By John D. Sutter, CNN
Go to the iReport assignment page to learn how to participate.
Here's an example video that already came in from the Philippines.
(Sorry I can't figure out how to embed it here).
CNN plans to stitch some of the best videos together into a highlight reel that will be published online and may be shown on TV. The effort comes as a group of Saudi women, for the second year, are planning to protest Saudi's driving ban by getting behind the wheel and taking to the streets on Friday. The Women2Drive movement asks the women to upload their road trips to YouTube.
On June 17 of last year, dozens of women took to the streets in similar demonstrations.
Manal al-Sharif, whose driving video sparked the protest, was arrested and detained for her involvement.
Here's a profile I wrote after meeting al-Sharif this year. Perhaps the most powerful thing about her story (besides the fact that The Backstreet Boys had a hand in her transforming from Osama bin Laden supporter to human rights activist) is she believes that if Saudi women stand up and take control of their rights, the rest of the country will follow suit. "When women break that taboo and they're not afraid to drive that car by herself - that's it," she said. "Now she has the guts to speak up for herself and take action."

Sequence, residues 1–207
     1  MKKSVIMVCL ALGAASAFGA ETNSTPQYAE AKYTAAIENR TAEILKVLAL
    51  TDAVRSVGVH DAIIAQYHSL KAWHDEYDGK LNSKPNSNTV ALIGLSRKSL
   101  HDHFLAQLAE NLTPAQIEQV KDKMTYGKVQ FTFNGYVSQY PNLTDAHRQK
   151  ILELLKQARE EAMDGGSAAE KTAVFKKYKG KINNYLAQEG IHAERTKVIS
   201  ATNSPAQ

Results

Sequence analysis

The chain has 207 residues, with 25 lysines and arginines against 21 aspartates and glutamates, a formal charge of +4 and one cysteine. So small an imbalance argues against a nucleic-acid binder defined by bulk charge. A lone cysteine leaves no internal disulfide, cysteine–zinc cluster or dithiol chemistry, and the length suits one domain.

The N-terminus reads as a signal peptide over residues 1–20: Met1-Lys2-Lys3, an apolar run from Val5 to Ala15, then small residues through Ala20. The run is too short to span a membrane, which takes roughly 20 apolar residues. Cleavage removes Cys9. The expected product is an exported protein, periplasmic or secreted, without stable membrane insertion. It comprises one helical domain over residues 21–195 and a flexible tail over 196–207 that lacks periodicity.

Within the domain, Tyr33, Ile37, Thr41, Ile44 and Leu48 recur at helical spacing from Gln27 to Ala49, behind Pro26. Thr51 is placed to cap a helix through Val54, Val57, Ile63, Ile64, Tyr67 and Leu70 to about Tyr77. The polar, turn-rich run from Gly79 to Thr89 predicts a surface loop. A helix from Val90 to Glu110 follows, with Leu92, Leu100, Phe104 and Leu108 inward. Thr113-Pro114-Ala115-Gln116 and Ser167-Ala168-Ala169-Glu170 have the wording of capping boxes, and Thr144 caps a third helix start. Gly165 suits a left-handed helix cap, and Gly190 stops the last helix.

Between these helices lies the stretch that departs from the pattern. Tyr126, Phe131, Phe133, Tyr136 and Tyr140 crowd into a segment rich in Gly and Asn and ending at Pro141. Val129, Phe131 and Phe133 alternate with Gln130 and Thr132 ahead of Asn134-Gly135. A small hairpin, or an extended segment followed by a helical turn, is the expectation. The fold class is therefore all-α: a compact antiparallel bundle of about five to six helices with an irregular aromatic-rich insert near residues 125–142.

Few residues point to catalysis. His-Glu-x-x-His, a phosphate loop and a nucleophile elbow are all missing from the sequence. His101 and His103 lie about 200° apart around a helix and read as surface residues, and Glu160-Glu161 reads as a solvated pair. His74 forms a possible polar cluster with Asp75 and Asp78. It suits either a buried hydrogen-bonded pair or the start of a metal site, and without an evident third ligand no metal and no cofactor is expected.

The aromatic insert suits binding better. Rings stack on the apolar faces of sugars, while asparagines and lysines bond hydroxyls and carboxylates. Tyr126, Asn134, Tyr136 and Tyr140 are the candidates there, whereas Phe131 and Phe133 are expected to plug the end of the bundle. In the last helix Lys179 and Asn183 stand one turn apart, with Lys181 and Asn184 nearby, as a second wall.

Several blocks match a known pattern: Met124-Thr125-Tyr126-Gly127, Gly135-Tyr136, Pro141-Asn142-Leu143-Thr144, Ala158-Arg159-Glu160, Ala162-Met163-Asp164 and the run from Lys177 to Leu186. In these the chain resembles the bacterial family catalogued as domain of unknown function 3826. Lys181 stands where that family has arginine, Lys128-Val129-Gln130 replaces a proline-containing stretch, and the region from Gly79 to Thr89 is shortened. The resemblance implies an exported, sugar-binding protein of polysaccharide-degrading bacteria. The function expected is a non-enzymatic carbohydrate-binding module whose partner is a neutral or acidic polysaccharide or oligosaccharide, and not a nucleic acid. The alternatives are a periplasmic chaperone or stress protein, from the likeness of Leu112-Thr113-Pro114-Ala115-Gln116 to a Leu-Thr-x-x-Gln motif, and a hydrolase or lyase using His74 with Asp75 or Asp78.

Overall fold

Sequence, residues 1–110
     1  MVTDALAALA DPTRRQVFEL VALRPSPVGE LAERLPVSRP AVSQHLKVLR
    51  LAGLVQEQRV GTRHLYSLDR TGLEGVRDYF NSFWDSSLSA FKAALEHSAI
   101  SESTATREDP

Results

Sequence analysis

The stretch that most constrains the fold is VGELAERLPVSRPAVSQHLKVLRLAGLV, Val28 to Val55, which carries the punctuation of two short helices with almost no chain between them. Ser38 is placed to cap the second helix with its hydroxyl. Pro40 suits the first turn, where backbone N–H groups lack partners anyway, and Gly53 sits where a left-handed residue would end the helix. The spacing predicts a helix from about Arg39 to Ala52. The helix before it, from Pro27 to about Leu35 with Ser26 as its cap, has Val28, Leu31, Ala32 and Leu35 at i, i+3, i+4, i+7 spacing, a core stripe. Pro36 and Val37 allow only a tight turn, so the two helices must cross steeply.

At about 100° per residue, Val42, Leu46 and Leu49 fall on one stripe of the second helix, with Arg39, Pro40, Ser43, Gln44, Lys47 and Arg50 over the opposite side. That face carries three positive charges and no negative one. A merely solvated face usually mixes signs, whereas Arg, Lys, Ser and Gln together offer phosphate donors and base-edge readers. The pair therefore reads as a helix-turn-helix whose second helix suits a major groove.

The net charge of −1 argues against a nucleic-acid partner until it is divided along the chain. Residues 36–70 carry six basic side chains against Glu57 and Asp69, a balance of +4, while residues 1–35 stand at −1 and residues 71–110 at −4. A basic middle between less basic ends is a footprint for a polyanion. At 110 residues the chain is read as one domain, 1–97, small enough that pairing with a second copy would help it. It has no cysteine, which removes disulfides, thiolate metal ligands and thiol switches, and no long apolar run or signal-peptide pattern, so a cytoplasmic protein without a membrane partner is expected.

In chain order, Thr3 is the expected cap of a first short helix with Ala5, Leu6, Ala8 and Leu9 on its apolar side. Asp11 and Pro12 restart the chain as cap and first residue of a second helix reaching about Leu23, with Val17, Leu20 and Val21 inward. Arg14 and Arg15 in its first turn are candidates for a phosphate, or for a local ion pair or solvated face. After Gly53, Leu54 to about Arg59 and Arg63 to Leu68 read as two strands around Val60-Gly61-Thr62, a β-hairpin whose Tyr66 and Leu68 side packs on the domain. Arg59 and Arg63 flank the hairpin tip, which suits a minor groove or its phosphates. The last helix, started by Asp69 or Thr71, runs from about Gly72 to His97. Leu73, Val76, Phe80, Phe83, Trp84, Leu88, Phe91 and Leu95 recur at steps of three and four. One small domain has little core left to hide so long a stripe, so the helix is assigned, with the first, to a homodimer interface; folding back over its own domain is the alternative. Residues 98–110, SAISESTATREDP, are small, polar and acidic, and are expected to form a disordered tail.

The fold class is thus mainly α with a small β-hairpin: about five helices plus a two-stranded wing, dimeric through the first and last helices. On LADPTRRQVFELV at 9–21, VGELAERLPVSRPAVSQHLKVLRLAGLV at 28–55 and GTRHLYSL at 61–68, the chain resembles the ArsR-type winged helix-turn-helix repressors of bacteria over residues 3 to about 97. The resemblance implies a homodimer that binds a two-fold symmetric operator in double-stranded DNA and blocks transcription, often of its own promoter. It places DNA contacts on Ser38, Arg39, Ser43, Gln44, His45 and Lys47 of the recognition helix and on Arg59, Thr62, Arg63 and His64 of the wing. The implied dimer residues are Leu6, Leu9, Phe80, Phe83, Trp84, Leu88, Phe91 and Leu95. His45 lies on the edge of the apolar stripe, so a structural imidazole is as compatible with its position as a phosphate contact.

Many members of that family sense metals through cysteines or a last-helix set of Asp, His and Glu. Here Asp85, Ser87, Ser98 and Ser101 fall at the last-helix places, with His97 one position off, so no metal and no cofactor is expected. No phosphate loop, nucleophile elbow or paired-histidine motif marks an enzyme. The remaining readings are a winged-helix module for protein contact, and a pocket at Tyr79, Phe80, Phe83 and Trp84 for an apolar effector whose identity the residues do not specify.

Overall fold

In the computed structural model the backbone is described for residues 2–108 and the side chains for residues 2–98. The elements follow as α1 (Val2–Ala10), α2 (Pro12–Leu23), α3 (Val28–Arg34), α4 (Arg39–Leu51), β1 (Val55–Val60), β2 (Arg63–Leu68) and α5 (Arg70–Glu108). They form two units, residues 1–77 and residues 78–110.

She's encouraged also by the movement's support outside of Saudi Arabia.
Check out a 2011 video of her driving below:
Out of fear for her safety, al-Sharif says she won't participate in the protests on Friday. But the protests are expected to continue in the spirit of that widely circulated video she uploaded last summer.
It's unclear how large the demonstrations will become, but you can follow the conversation about the driving women on CNN, iReport and on the Twitter hashtag #Women2Drive. The group also asks people who support the campaign to change their Twitter avatars to this photo. And Amnesty International also is collecting photos of people who support the driving campaign.
Saudi women have been pushing for the right to drive since the early 1990s, but with little luck. The Saudi kingdom, which enforces a conservative interpretation of Islamic law, also bans women from making formal decisions without the permission of a male guardian. Women don't have the right to vote or hold public office in Saudi Arabia, although that is expected to change in 2015. Earlier this week, the country's London embassy announced it would let women compete in the Olympics for the first time.
Organizers say the Women2Drive movement stands in for many women's rights issues in the country.
iReport: What if you weren't allowed to drive